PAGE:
I'd like to see a published study that proves that lower speed limits actually increase safety, cause I'm skeptical.

Instead of direct taxes to fund transportation, some are calling the civil penalties “hidden fees.” They range from $250 to $3,000, depending on the traffic violation, and will be assessed on a variety of misdemeanor traffic violations including being a passenger in a hit and run or the failure to give a proper signal.
Local elected officials didn't want to go on the record commenting on this way of raising funds for transportation in the state, but privately several said it was a way of keeping the Republican-controlled General Assembly from having to implement a new tax or raise taxes for the troubled transportation system.

In the words of Barry Sobel from a memorable Dr. Katz episode, that's how they get you, that's how they get you!

Religion of Peace, Part 29384

What a sentence!

A diplomatic row over Salman Rushdie's knighthood erupted yesterday as Britain expressed "deep concern'' over claims by a Pakistani minister that the honour was an affront to Muslims that could justify suicide bombings.

In other words, the Pakistani minister is saying, "We're so offended by your honoring a man who we think insulted our religion that we might have to kill you in the process of killing ourselves."

The Pakistani minister in question is Ejaz ul-Haq.

The minister, Ejaz ul-Haq, told lawmakers on Monday that "if someone exploded a bomb on his body he would be right to do so unless the British government apologizes and withdraws the 'sir' title."

Hey Ejaz ul-Haq: fuck you!

You call that parallel parking?

How is spoofing the Sopranos supposed to help Hillary Clinton? I'd think the last thing she wants to do is create a dark sense of foreboding.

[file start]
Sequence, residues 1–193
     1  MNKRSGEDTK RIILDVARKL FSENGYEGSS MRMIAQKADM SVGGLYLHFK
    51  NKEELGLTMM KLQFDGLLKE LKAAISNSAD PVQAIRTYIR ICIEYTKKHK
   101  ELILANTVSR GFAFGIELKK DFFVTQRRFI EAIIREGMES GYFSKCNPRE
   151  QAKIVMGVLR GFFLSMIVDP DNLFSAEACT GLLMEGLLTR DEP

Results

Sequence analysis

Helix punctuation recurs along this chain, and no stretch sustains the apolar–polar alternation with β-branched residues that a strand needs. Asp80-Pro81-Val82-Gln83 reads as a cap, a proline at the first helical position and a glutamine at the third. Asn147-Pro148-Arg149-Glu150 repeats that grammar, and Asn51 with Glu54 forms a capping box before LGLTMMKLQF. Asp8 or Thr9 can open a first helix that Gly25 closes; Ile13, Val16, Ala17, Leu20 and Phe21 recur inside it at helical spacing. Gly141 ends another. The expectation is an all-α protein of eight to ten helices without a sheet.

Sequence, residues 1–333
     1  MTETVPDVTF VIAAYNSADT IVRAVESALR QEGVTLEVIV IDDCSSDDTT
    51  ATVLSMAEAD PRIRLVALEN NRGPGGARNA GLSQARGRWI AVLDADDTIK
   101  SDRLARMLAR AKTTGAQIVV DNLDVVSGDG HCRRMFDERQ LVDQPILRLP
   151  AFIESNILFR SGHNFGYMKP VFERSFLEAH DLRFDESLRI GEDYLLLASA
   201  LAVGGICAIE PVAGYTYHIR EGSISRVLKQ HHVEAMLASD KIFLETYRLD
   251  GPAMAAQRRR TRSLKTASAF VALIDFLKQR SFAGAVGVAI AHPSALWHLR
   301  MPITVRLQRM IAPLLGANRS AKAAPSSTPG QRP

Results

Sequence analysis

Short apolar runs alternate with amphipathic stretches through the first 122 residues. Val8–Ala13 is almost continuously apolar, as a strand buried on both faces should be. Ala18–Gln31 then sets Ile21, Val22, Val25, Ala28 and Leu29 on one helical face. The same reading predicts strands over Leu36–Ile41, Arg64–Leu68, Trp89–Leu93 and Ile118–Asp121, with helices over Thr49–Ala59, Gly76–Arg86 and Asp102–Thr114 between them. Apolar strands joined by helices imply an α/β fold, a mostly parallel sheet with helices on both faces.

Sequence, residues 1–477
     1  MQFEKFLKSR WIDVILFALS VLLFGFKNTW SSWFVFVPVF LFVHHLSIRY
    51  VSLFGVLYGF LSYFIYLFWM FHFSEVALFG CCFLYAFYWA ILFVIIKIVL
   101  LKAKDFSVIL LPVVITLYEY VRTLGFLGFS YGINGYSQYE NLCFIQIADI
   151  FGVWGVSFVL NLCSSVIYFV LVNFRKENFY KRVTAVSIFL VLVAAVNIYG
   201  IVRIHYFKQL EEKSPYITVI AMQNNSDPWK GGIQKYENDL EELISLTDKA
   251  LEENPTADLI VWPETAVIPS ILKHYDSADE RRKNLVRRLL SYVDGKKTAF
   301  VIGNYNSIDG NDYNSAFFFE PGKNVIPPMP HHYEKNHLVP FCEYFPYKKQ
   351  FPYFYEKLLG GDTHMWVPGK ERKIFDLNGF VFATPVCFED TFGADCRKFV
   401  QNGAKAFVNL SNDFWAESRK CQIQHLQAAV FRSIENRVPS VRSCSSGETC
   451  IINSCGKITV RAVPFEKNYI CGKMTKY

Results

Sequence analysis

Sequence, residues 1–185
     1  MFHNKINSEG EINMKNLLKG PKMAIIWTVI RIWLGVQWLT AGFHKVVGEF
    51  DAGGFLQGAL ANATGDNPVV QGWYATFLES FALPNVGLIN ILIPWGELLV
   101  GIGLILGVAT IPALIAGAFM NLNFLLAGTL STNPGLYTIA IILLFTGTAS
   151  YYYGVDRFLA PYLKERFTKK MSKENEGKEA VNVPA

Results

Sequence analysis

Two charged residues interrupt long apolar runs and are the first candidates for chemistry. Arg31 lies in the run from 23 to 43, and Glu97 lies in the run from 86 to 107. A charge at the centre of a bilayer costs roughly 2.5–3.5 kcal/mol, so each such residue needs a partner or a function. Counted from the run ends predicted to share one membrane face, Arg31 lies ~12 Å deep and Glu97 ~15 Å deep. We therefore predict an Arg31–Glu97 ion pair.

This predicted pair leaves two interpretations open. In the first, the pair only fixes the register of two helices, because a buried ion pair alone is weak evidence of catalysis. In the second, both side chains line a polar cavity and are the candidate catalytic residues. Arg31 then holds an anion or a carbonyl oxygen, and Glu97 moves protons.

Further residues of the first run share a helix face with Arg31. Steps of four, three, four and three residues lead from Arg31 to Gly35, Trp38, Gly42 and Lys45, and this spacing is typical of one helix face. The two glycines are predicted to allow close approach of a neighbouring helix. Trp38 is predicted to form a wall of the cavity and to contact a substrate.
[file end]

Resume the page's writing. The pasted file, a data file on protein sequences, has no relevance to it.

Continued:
Community Page

In case you haven't taken a gander in a while, there's some good stuff on the community page, including sourcreamus's post on the complexity involved in analyzing political systems and rightsaidned's post on the effect of the Iraq outcome on the American psyche.

In other blog related news, a WYSIWYG editor should be up and available for everyone to use, though we're still getting the kinks worked out.

Comments are still screwy but at least they're not getting eaten.

Gilmore to Dubya

Republican presidential candidate Jim Gilmore writes an open letter to George W. Bush. It's probably the most reasonable thing I've read about what the US should do.

It is clear from the statements previously made by your administration that there was never any intention to become embroiled in a guerrilla war, urban or otherwise. American power is not advantaged in such a situation. Trying to fight a guerrilla war in the cities and towns of Iraq has opened opportunities for terrorist enemies such as al-Qaeda and fostered an environment for a Shiite-Sunni civil war in which we have no stake. We were led down this path in part by those who said, "If you break it, you own it." This statement asserts a responsibility to contain, control or resolve the centuries-old conflict between competing interests in the Middle East. We did not create these competing interests, and we do not own their conflict. I assert that where and what we fight for must be strictly measured by the interests of the United States.
I urge that we define our goals in terms of America's national interest, and let the people of Iraq take care of their national interests. The United States has a stake in preventing a government from emerging that is expressly hostile to us, such as in a coup inspired by al-Qaeda. The United States has a stake in not permitting the invasion and occupation of Iraq by any of its neighbors. This can be done through a military assistance program and diplomatic initiative. Beyond this, the responsibility for peace and order of the country rests with the Iraqi government, which can make a specific request to the United States for assistance like any other country of the world.

Apparently there are a lot of libertarians on the internet

There's an article in the WaPo today about Ron Paul's large presence on the internet.